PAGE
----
Leading electrical and DIY retailers may be losing an estimated£8 billion in sales because of badly trained staff and poor stock availability.
Customers complained of rudeness and misinformation and, in some cases, branded staff 'clueless', 'stupid' and 'ignorant', a survey shows.
As a result of poor service and product information, 38 per cent of people said they failed to make a purchase they otherwise would have made.
The damning research, commissioned by retail solutions firms Blue Martini and Conchango, and carried out by Birmingham Business School, revealed 43 per cent thought overall service was 'just about acceptable' or worse.
One mystery shopper told how his visit to 'a well-known superstore' was held up while a pair of sales assistants finished kissing each other.
'We have uncovered quite staggering ignorance, indifference and efficiency in the customer-facing sales process,' said Blue Martini UK marketing manager Tania Andrews. She said many retailers are faced with the task of ensuring staff are able to give customers the necessary advice against a background of high staff turnover.
Respondents said Marks & Spencer, John Lewis and Sainsbury's had reputable levels of service, while those in home entertainment, white goods, computing and DIY were poor.
'Service will vary across the (electricals) sector as a whole. However, there is massive amount of investment in service at the moment,' said a Dixons Group spokesman.
He said Currys, for example, had already reaped the benefits of restructuring store teams last year, which ensured more people were available to serve customers. The spokesman also noted that the retailer could not speak 'on behalf of the entire sector'.
A B&Q spokeswoman said: 'We have experts in store, we do demonstrations and we focus on customer service - the warehouses are well staffed.'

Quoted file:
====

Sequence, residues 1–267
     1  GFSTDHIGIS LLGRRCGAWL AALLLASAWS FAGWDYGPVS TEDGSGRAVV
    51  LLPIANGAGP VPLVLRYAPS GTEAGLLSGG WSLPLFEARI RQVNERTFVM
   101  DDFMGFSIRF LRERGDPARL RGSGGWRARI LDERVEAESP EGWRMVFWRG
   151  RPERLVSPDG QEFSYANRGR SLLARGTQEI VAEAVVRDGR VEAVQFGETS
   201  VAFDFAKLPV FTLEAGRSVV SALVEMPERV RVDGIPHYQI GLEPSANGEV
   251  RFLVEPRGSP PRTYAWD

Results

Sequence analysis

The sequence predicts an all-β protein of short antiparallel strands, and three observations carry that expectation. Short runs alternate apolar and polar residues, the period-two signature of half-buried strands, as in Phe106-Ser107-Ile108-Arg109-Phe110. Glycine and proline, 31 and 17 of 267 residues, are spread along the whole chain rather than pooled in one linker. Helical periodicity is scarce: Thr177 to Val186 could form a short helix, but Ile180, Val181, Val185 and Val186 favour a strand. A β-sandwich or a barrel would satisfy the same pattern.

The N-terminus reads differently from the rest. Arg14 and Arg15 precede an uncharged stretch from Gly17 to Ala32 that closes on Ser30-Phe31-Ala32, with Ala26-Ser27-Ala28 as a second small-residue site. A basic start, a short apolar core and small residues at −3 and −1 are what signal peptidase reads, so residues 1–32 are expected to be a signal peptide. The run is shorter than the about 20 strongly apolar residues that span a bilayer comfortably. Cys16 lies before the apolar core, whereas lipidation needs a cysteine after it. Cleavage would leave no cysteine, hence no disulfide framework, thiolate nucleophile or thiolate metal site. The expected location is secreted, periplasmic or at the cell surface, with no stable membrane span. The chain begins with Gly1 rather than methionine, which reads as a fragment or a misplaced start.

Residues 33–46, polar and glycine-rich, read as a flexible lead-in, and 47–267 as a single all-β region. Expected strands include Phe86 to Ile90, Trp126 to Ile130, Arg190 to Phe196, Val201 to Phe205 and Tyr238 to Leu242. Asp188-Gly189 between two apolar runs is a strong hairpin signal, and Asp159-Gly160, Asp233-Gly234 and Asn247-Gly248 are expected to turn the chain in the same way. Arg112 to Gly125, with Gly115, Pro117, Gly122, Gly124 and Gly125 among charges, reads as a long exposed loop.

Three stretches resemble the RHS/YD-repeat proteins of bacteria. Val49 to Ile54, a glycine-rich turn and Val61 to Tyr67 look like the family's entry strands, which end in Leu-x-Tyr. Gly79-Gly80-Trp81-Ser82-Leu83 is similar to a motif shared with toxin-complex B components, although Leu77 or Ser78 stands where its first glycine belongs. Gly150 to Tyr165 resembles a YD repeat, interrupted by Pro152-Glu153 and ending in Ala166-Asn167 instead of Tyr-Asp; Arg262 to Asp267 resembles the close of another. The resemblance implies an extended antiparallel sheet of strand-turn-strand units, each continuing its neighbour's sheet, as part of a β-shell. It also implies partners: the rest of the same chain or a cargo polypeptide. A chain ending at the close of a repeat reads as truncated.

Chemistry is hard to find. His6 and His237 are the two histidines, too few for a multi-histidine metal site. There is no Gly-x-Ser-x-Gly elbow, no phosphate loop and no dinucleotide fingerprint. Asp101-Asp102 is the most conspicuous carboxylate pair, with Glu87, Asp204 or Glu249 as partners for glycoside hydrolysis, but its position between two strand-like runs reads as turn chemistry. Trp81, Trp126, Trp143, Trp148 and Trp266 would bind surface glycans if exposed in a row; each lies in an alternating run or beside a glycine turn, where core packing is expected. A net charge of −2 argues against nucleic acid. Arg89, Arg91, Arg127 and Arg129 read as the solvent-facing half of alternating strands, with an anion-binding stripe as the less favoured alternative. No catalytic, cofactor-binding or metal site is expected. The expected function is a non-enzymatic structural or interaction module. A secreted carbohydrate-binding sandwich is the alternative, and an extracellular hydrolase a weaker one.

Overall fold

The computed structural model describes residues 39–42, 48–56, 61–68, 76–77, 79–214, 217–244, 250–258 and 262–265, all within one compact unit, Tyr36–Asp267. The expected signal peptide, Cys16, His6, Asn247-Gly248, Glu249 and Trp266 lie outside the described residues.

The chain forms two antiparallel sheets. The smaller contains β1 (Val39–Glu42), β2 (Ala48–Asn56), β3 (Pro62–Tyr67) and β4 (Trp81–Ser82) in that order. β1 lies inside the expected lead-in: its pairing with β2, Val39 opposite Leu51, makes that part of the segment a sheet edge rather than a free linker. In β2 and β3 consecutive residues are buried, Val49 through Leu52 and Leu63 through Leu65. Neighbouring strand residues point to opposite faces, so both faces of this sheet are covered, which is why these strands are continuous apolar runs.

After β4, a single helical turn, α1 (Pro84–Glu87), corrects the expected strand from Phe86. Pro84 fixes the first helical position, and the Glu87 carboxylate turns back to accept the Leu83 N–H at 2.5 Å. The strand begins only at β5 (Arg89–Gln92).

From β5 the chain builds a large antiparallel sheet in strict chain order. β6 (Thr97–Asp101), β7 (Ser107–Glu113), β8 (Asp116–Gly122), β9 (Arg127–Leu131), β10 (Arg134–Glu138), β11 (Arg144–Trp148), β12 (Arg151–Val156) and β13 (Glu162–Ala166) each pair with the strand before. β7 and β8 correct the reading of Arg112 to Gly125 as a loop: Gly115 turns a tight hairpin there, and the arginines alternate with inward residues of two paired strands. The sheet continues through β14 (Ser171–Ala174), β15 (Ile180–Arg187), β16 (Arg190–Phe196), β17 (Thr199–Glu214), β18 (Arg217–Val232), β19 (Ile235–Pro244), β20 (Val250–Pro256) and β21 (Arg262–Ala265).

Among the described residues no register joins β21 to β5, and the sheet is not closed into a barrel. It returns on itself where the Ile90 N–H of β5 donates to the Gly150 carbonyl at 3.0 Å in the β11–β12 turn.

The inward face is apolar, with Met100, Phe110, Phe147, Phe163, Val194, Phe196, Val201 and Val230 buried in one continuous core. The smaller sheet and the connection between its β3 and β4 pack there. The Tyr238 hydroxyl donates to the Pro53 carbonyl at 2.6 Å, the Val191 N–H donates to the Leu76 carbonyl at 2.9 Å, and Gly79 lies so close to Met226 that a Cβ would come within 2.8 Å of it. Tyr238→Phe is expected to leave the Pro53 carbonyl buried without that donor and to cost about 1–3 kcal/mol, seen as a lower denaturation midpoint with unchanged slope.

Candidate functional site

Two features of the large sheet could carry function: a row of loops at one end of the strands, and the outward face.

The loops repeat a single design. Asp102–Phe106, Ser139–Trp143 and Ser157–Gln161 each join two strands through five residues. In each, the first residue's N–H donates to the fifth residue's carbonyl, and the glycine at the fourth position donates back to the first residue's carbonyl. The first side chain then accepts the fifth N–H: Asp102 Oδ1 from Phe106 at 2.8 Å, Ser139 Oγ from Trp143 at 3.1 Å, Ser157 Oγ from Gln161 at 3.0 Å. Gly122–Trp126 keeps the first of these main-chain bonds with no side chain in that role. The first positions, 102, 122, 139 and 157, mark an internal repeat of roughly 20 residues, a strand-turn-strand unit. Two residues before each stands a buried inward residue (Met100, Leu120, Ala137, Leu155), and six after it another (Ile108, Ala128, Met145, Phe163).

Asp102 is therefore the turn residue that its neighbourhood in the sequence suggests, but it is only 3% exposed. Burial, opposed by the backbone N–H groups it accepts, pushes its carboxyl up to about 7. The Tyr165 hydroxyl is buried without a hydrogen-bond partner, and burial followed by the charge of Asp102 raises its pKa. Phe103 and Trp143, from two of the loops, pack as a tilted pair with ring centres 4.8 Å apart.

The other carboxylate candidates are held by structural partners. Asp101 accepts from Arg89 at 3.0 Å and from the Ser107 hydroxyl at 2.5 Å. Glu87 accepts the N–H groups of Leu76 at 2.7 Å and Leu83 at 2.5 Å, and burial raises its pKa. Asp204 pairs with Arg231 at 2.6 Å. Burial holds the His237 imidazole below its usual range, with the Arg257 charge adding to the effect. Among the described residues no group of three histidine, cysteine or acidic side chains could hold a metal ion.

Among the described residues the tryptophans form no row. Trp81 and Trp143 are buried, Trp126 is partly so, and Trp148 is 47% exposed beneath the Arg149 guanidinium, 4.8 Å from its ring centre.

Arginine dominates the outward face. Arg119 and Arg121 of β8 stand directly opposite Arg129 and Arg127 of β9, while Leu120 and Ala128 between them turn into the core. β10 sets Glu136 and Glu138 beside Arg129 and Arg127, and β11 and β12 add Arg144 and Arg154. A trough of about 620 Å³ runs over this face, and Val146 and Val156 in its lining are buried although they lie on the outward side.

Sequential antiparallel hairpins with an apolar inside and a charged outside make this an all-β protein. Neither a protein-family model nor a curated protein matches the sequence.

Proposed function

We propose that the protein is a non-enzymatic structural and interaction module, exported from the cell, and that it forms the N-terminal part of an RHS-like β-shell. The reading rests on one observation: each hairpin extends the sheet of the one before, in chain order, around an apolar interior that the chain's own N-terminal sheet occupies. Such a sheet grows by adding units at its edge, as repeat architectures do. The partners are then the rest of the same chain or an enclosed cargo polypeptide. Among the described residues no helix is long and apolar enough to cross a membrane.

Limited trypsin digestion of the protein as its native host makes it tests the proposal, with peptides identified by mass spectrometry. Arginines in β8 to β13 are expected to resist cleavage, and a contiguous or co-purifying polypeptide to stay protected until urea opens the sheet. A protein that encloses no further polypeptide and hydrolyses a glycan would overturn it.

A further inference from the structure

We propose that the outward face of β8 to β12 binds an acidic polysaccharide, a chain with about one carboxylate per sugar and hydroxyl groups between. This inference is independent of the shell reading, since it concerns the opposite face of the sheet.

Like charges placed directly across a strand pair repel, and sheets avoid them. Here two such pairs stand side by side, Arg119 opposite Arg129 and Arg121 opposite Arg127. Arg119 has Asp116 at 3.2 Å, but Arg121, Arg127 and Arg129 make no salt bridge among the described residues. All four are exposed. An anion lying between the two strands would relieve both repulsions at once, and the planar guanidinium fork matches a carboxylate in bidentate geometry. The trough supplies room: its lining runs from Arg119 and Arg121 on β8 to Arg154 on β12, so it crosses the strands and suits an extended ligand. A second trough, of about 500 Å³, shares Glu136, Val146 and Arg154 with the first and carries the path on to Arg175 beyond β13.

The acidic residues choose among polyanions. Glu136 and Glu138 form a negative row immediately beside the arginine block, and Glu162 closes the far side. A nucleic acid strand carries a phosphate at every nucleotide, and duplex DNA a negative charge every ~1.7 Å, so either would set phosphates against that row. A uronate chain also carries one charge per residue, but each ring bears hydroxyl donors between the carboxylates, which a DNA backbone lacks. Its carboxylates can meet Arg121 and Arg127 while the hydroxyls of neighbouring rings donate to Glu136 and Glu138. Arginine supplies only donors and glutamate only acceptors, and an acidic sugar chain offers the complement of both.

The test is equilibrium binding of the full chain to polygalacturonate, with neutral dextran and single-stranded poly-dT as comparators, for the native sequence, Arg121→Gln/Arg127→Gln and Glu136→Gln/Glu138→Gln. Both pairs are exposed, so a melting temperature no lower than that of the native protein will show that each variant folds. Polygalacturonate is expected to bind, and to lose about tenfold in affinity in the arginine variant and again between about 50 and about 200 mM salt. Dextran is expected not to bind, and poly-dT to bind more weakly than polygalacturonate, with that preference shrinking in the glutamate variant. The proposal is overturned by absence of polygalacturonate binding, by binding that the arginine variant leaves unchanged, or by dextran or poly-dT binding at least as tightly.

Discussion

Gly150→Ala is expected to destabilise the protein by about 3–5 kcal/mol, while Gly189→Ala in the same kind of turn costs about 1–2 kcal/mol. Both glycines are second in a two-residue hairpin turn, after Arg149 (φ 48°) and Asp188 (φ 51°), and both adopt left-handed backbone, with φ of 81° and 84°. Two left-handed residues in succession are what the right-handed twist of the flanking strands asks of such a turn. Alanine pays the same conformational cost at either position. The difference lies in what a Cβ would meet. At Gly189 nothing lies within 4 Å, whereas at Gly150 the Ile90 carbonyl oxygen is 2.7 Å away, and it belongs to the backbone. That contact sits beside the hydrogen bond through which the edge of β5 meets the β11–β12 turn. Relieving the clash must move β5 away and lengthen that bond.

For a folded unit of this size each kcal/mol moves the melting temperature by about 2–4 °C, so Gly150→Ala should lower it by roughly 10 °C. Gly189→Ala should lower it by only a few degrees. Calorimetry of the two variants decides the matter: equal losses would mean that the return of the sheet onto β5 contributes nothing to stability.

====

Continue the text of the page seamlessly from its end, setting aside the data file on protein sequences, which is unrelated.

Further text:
Last year, service at B&Q was criticised in the press after comments made by then chief executive Bill Whiting. However, the spokeswoman said his comments were taken out of context.
'Bill's point was that if you ever think you're perfect, you're not - you can always improve,' she insisted. However, she conceded: 'Expectations are far higher in our sector than in others, such as food.'
PULLING THE PLUG ON SERVICE
Key causes of customer frustration
Lack of responsiveness: waiting for help
Limited product knowledge, understanding or weak explanations
Unreliable or inaccurate advice
Lack of empathy: staff not applying their knowledge to situation
Lack of assurance: incompetence, attitude, lack of credibility
Not being able to get the products they want (poor range, out of stock, having to order, having to wait)
Discrepancy between expected and delivered service
Retailers need to look urgently at the following areas
Service inconsistent because of dependence on people knowledge
Service inconsistent across channels
Consistency needed: same answers to questions from all staff
Provide greater empathy with shopper needs: ability to answer FAQs
For those that avoid staff contact, provide self-service in-store kiosks
Up-to-date information needed across all channels
Source: Blue Martini.